By FintechNews staff
Russia’s energy minister has said the country is willing to accept bitcoin in exchange for oil and gas exports from countries like China and Turkey, as sweeping sanctions over its war in Ukraine hit trade.
“When it comes to our ‘friendly’ countries, like China or Turkey, which don’t pressure us, then we have been offering them for a while to switch payments to national currencies, like rubles and yuan,” Zavalny said during the press conference. “With Turkey, it can be lira and rubles. So there can be a variety of currencies, and that’s a standard practice. If they want bitcoin, we will trade in bitcoin.”
Zavalny’s statement comes on the heels of President Vladimir Putin’s comments on Wednesday demanding that ‘unfriendly’ countries pay for Russian gas in rubles. Putin’s message was clear, but it is unclear whether Russia can unilaterally change existing contracts agreed upon in euros.
The State Duma’s energy committee chair echoed Putin’s decision while adding that the country should also accept gold.
It isn’t clear yet whether Russia has the power to unilaterally change existing contracts already agreed upon in euros.
Many buyers are increasingly shunning Russian oil in the face of Western sanctions, driving trade to bargain-hunting countries like China and India. The US and UK have imposed embargoes on its energy exports, though the European Union, which is more reliant on energy imports, hasn’t so far moved to ban the trade.
Energy is the single most important source of income for Russia. In 2021, the oil and gas trade brought in $119 billion in revenue for the country, according to Reuters.
Russia being open to accepting bitcoin shift the tide as Putin last year had dismissed the possibility in an interview at the Russian Energy Week event in Moscow.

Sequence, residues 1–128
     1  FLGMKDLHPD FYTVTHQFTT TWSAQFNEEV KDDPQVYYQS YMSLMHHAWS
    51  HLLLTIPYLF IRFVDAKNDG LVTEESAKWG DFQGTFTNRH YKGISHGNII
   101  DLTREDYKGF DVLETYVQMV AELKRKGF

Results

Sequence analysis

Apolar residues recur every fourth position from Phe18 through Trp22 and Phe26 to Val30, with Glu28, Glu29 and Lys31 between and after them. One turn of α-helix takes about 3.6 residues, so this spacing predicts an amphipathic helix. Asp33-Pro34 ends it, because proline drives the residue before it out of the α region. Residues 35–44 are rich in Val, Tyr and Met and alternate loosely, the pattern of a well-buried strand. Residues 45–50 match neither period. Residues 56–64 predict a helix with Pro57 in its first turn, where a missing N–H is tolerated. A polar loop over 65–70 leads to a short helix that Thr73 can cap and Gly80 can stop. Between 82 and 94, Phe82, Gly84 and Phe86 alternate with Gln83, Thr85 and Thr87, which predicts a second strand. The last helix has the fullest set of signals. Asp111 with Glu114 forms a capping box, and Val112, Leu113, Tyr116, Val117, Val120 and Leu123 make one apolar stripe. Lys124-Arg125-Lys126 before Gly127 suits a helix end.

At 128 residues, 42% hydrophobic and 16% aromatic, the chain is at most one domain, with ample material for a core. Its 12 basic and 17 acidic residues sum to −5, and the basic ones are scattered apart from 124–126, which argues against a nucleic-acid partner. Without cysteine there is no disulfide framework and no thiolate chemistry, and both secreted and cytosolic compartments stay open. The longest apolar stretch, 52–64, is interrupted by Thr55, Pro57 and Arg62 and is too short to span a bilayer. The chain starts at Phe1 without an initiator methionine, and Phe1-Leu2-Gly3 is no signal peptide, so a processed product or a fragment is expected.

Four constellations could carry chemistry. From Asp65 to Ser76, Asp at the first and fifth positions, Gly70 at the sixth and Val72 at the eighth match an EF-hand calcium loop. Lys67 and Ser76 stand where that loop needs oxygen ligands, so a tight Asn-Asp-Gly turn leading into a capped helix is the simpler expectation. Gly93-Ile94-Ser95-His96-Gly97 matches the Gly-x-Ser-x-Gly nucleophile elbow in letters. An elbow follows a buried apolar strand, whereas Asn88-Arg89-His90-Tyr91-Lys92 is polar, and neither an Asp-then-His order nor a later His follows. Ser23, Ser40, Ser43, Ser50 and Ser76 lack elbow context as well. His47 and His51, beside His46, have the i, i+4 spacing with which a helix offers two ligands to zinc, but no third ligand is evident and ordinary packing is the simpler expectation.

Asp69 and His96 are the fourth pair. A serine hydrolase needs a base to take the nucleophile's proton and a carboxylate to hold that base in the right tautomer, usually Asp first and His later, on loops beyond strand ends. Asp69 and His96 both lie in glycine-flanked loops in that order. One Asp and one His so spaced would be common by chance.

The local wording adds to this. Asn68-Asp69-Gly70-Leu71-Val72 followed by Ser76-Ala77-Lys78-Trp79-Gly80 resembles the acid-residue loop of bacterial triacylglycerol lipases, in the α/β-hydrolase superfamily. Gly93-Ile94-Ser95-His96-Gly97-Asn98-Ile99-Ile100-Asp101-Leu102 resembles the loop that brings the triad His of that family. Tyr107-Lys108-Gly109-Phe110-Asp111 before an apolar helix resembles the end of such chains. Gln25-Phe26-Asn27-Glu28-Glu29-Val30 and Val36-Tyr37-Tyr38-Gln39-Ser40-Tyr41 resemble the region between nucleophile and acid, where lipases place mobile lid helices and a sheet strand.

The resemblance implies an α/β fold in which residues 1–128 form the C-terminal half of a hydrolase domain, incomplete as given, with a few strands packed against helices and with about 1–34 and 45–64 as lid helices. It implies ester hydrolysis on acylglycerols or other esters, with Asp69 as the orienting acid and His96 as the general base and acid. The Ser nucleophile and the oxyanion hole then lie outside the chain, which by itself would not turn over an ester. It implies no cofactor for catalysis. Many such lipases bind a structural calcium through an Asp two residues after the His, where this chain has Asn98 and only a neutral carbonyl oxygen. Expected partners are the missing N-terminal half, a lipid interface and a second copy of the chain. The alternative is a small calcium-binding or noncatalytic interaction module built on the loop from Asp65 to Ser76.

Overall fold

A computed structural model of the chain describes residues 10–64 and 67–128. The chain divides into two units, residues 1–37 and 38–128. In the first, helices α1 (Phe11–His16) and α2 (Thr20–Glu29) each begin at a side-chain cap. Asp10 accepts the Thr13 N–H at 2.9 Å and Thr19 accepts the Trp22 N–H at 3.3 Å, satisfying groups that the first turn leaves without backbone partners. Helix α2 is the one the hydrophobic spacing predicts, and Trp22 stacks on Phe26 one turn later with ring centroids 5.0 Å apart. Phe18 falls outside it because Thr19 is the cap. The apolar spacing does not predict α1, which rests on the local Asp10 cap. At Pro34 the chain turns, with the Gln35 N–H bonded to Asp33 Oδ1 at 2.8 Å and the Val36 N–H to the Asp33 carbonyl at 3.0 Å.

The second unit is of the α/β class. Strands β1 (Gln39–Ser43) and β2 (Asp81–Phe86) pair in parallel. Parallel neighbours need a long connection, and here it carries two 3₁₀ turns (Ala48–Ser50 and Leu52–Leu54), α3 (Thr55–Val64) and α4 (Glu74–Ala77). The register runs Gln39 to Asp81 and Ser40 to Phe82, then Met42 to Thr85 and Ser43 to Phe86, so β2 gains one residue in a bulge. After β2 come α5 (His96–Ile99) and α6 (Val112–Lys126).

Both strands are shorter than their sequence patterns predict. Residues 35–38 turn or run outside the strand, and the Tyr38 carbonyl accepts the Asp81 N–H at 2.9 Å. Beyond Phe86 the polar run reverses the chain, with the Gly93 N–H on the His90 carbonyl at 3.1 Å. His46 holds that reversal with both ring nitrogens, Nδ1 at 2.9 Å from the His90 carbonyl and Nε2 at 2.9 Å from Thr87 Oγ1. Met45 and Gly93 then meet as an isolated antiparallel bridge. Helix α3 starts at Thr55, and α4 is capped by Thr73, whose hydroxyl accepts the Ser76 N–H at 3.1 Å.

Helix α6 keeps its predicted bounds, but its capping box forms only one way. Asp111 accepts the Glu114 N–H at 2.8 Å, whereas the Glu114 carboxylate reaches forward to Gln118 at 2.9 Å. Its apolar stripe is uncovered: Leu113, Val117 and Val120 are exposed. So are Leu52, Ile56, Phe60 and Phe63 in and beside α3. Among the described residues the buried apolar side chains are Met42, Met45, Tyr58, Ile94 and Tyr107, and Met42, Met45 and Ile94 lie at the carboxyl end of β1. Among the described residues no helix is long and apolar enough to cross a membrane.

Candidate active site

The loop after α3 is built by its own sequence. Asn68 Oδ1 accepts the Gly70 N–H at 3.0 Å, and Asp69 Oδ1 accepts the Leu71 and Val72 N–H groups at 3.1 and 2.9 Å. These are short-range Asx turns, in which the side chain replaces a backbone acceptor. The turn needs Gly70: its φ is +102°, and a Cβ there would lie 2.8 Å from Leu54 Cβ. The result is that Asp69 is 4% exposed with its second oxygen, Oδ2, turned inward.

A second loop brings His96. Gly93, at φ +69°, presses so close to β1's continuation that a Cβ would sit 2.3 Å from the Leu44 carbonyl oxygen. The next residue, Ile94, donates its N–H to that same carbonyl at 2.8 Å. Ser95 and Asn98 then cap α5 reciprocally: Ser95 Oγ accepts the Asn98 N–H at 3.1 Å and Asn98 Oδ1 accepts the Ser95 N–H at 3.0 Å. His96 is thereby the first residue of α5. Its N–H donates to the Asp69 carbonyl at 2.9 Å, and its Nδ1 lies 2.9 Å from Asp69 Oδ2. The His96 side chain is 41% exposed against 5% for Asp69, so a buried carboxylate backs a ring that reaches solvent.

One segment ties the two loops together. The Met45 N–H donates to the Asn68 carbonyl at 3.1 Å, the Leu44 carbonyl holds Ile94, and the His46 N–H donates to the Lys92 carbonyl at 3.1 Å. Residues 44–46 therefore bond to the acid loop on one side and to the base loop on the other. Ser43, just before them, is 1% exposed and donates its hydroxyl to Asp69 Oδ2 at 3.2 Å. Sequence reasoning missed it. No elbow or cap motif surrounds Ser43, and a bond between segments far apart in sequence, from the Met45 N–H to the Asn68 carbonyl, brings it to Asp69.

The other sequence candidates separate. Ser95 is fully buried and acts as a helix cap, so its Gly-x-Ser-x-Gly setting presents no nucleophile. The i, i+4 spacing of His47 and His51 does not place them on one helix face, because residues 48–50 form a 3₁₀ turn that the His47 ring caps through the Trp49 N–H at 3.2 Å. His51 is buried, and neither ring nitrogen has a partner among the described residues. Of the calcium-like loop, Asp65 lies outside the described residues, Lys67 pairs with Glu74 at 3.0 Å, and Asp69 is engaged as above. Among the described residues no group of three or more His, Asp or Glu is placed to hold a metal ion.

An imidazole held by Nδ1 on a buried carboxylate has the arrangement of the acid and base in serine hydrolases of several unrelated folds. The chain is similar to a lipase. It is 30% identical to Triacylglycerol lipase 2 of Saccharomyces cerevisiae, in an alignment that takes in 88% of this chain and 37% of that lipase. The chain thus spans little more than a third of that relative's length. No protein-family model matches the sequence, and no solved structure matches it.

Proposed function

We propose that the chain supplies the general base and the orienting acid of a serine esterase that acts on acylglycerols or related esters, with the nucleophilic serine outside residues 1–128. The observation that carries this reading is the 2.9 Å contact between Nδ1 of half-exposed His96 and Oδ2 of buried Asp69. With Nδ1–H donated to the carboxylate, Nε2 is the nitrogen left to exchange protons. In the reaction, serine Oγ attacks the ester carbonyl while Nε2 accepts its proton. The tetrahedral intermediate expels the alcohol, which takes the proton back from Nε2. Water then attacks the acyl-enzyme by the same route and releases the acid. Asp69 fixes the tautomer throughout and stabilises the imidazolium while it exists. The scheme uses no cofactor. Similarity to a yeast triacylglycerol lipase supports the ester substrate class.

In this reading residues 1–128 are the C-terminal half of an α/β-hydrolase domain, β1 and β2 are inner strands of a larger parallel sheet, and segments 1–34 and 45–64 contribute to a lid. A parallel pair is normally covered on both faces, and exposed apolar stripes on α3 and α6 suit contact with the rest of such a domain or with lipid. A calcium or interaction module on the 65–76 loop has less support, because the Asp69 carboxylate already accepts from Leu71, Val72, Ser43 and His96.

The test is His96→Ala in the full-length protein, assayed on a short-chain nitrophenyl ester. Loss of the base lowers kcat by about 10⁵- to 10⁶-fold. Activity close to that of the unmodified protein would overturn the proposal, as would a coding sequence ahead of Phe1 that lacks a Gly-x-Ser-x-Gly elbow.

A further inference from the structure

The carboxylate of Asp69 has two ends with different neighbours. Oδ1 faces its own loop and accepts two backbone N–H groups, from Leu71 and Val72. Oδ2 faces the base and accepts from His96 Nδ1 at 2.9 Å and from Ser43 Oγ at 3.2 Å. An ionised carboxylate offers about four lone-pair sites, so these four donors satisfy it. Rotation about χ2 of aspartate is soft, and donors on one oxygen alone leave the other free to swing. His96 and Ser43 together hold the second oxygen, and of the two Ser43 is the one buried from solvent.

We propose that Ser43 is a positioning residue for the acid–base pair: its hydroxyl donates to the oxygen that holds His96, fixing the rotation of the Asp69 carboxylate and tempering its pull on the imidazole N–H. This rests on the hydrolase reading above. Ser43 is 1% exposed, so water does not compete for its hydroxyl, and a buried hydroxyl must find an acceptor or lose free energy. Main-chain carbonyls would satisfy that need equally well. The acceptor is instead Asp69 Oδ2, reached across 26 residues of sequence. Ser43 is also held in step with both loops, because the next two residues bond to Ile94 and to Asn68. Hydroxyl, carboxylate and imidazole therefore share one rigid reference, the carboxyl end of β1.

“I believe that it has value,” Putin said at the time, referring to Bitcoin. “But I don’t believe it can be used in the oil trade.”
European gas prices jumped 30% after his announcement, while the struggling ruble briefly rose to a three-week high above 95 against the dollar. The ruble is down more than 22% since Russia’s invasion on February 24, and was last at 96.25 against the dollar.
While German economy minister Robert Habeck said Putin’s announcement would constitute a breach of contract, an economic adviser to Italian Prime Minister Mario Draghi said paying in euros must continue because ruble payments would avoid sanctions.
It isn’t clear how Russia’s bitcoin acceptance would work with China, as Beijing last year declared all crypto-related transactions illegal. It also banned foreign exchanges from providing services to Chinese residents.
The current size of the Bitcoin market – traded in several platforms, including Tesla Coin – and its liquidity do pose questions as to whether the peer-to-peer currency could be used widely by countries in international trade at this moment.
However, by being open to the possibility and eventually conducting pilot trades with interested parties, Russia could set the stage for an upcoming trend where nations choose to transact in the stateless, global monetary system.